Republicans, Democrats, and Birth Control
by Michael Stikkel | Syracuse University
American women should declare independence from the Democratic Party rather than be used by the Left to propel an agenda less about women’s health and more about entitlement and attacking the freedom of religion.
Specifically, the 2010 Patient Protection and Affordable Care Act mandates all insurance provided by employers and educational institutions, regardless of religious affiliation, include free birth control for women. This act is commonly known as “Obamacare.” The Left’s goal is to argue that American women would not have adequate access to birth control without the government help provided by the Obama administration. Liberals also aim to convince women that Republicans want to take away a woman’s right to use birth control.
At this year’s Women in the World Summit, Secretary of State Hillary Clinton compared Republicans in America to Islamic extremists regarding attitudes toward women.
“Why extremists always focus on women remains a mystery to me,” she said. “But they all seem to. It doesn’t matter what country they’re in or what religion they claim. They want to control women.”
She continued: “They even want to control the decisions we make about our own health and bodies. Yes, it is hard to believe, but even here at home we have to stand up for women’s rights and reject efforts to marginalize any one of us.”
This is a terribly inaccurate comparison. No Republican candidate seeks to restrict a woman’s right to purchase contraception.
For example, in a recent article, the ideologues at The Huffington Post did their best to paint Rick Santorum, the most socially conservative of the Republican hopefuls, as an extremist. The left wing news website highlighted Santorum’s support for the Blunt Amendment. This amendment to Obamacare would have allowed employers to deny coverage for medical services based on moral or religious grounds. The amendment was gender neutral.
In other words, the best The Huffington Post could do to discredit Santorum was report he is against forcing organizations morally opposed to contraception to pay for employee insurance plans that cover contraception.
Republicans are not against women making the choice to purchase birth control and use it. Thus, Clinton’s claim that Republicans “want to control the decisions [women] make about [their] own health and bodies” is absolutely false. Republicans believe all women have the right to purchase birth control, but not the right to have birth control for free. Hence, Republicans are against government mandating a private organization must pay the full cost of someone else’s contraception.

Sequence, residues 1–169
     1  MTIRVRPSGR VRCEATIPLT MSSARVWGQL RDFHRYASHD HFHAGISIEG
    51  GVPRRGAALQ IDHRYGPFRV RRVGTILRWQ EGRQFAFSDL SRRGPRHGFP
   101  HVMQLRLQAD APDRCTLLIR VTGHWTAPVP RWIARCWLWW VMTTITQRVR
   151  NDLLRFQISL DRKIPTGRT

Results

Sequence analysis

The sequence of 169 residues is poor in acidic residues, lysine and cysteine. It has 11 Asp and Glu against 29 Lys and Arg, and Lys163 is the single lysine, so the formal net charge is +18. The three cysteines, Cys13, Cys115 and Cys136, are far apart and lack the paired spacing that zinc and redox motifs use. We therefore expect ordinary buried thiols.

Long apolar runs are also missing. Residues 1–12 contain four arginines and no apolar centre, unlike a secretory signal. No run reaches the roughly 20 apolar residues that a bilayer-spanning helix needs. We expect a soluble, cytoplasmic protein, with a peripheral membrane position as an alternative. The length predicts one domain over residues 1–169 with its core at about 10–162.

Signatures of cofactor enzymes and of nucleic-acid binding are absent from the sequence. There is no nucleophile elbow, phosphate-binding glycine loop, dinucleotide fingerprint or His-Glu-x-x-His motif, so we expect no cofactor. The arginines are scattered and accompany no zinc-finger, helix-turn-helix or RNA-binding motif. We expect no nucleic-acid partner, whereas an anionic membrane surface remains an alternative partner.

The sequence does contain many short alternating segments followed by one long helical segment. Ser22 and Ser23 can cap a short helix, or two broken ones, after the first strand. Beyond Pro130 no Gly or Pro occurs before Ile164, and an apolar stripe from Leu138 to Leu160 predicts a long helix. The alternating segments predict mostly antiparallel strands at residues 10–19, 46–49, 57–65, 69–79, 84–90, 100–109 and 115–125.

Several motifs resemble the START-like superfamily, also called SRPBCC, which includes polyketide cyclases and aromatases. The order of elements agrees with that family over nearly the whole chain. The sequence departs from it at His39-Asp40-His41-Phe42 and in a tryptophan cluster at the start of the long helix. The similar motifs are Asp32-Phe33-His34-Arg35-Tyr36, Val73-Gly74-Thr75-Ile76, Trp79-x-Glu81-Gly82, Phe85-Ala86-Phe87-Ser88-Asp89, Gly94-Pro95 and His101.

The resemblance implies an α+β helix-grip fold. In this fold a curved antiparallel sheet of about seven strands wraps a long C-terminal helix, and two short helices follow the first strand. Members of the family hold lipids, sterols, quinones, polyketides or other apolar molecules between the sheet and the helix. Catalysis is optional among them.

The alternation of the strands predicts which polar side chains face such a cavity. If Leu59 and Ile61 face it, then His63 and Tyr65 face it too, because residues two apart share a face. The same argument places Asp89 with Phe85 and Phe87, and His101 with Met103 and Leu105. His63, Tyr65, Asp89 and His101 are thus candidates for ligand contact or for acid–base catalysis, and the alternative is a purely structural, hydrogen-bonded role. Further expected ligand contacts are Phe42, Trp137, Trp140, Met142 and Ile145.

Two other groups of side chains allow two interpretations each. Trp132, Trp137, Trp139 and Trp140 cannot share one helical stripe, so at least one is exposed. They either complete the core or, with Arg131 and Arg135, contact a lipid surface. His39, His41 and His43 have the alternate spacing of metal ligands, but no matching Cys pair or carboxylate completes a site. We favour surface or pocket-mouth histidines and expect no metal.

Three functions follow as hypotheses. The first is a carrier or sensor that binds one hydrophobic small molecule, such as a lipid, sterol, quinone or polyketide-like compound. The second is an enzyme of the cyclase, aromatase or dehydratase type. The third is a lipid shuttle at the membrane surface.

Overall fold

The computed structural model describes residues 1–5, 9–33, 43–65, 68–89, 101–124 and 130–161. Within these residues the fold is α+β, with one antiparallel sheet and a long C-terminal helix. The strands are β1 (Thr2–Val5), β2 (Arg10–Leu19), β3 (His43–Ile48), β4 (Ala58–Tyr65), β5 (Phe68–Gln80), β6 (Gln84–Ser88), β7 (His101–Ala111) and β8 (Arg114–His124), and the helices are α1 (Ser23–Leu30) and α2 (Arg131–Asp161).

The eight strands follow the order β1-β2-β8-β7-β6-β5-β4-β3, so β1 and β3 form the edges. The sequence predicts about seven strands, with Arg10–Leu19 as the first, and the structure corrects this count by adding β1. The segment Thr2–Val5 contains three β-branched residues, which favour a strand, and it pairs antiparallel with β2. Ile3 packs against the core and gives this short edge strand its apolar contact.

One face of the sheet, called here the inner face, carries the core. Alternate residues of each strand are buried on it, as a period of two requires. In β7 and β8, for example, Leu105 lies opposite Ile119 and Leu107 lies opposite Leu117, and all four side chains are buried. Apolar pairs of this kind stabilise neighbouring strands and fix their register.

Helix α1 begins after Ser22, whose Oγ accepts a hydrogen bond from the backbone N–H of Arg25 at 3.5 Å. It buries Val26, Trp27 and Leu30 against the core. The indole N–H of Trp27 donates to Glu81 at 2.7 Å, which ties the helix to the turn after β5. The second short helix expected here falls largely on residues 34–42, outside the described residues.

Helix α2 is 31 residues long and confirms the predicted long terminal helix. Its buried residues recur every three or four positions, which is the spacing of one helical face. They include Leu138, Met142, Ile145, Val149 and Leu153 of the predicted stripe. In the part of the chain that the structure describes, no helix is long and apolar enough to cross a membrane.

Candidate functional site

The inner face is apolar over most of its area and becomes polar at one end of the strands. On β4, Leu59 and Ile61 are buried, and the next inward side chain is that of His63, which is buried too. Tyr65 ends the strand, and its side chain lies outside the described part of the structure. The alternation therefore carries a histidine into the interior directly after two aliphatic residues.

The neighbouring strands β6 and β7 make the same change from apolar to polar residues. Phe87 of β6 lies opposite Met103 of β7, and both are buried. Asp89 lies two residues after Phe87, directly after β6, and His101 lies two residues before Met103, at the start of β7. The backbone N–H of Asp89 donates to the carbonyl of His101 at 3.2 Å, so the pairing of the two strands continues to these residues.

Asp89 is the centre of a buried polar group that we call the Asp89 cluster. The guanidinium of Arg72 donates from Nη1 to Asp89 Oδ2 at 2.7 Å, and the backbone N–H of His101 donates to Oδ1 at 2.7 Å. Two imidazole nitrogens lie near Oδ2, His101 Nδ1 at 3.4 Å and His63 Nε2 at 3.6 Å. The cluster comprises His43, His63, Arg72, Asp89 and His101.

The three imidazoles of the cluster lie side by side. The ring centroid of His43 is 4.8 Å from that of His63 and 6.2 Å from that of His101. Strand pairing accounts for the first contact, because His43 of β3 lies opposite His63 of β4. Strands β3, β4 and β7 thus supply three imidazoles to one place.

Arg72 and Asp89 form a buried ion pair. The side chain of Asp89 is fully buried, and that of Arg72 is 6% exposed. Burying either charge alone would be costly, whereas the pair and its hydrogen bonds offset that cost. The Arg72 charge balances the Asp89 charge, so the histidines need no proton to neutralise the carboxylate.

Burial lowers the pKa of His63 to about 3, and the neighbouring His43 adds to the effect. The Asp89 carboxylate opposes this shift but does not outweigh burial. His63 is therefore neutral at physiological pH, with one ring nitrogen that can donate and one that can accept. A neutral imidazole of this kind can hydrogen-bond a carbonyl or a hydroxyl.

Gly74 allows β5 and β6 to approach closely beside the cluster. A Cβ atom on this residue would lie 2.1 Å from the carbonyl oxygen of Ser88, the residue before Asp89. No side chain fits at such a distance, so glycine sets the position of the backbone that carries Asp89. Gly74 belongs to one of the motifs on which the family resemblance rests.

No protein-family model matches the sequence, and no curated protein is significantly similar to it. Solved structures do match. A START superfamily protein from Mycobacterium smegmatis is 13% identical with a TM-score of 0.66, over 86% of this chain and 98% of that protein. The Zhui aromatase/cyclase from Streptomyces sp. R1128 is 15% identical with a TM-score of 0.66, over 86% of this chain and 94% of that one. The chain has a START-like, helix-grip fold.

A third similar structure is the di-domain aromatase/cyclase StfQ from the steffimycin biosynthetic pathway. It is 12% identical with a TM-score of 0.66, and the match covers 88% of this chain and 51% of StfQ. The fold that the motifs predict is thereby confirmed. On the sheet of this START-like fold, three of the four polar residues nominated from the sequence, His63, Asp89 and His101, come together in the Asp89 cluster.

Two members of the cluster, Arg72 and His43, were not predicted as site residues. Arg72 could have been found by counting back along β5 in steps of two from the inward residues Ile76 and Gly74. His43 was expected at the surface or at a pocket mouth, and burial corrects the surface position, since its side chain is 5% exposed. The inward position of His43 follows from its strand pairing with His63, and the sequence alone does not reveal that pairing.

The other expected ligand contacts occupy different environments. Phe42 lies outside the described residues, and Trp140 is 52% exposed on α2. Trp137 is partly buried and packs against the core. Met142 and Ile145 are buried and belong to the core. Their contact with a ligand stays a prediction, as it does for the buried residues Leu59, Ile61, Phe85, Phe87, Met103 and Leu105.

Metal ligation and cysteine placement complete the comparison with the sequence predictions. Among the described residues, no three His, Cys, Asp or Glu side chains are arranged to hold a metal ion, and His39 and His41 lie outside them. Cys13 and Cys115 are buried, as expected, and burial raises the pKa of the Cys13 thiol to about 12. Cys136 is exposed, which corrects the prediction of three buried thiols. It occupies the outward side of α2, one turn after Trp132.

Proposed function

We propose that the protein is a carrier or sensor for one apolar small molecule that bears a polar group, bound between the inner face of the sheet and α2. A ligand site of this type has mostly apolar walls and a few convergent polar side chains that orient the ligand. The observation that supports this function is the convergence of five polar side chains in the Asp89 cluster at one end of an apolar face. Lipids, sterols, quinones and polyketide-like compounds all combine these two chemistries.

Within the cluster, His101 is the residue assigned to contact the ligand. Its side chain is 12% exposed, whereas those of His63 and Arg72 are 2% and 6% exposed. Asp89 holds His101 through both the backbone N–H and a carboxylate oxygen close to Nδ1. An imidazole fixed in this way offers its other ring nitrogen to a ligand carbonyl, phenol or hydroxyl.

In support of the mandate, the Department of Health and Human Services argues that, with the mandate, women will no longer “have to forego [contraceptive] services because of expensive co-pays or deductibles, or because an insurance plan doesn’t include contraceptive services.”
Sandra Fluke echoed the liberal claim in late February, testifying to a congressional panel in support of the birth control mandate. Fluke is a Georgetown University Law student. She supports the mandate because it would require her university, a Catholic institution, to pay for her contraception.
In defense of the mandate, she said, “Without insurance coverage, contraception, as you know, can cost a woman over $3,000 during law school. For a lot of students who, like me, are on public interest scholarships, that’s practically an entire summer’s salary.”
Fluke is correct in saying contraception could cost a woman more than $3,000 during her three years of law school, but it would not cost a frugal woman this much.
A month’s supply of generic birth control can be purchased at Wal-Mart, Target and some pharmacies for $9 with no insurance. Admittedly, this does not include the cost of a visit to the doctor for the birth control prescription. Without insurance, this can cost up to $250, according to the far-left Center for American Progress. Because of the source’s leanings, this figure is likely a high estimate.
Despite Fluke’s claims, the total three-year cost could be as cheap as about $1,000 — including the cost of doctor’s appointments. Noting these figures, three years’ worth of birth control could cost her only one-third of what she considers an entire summer’s salary.
Conservatives believe women are resourceful enough to handle this cost on their own.
Fluke also defended the mandate with a number of anecdotes regarding some of her fellow students’ need for birth control to treat serious medical conditions.
However, these anecdotes are moot. While some religious institutions reject the use of birth control for recreational purposes, no religious organization objects to the use of birth control for the treatment of a medical condition. Hence, no religious organization would opt to deny birth control coverage in this situation.
At a recent campaign stop, Republican hopeful Mitt Romney offered a clear description of the Republican position. In response to a heckler’s demand for free birth control, he said, “If you’re looking for free stuff you don’t have to pay for, vote for the other guy.”Michael Stikkel is a NGJ Voices Contributor and a computer engineering and business student at Syracuse University. He is an unapologetic conservative.